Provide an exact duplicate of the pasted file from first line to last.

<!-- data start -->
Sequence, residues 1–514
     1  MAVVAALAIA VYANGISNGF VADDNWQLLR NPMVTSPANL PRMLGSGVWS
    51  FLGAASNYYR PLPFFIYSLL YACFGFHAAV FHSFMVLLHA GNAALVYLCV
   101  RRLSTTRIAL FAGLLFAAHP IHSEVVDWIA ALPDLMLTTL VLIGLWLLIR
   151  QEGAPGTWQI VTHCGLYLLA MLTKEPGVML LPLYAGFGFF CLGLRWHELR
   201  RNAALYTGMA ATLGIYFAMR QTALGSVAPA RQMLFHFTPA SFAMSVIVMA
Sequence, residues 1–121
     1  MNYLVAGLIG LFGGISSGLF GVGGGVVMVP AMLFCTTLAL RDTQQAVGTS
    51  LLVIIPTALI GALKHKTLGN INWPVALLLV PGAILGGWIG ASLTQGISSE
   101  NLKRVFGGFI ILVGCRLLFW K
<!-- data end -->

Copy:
Sequence, residues 1–514
     1  MAVVAALAIA VYANGISNGF VADDNWQLLR NPMVTSPANL PRMLGSGVWS
    51  FLGAASNYYR PLPFFIYSLL YACFGFHAAV FHSFMVLLHA GNAALVYLCV
   101  RRLSTTRIAL FAGLLFAAHP IHSEVVDWIA ALPDLMLTTL VLIGLWLLIR
   151  QEGAPGTWQI VTHCGLYLLA MLTKEPGVML LPLYAGFGFF CLGLRWHELR
   201  RNAALYTGMA ATLGIYFAMR QTALGSVAPA RQMLFHFTPA SFAMSVIVMA
Sequence, residues 1–121
     1  MNYLVAGLIG LFGGISSGLF GVGGGVVMVP AMLFCTTLAL RDTQQAVGTS
    51  LLVIIPTALI GALKHKTLGN INWPVALLLV PGAILGGWIG ASLTQGISSE
   101  NLKRVFGGFI ILVGCRLLFW K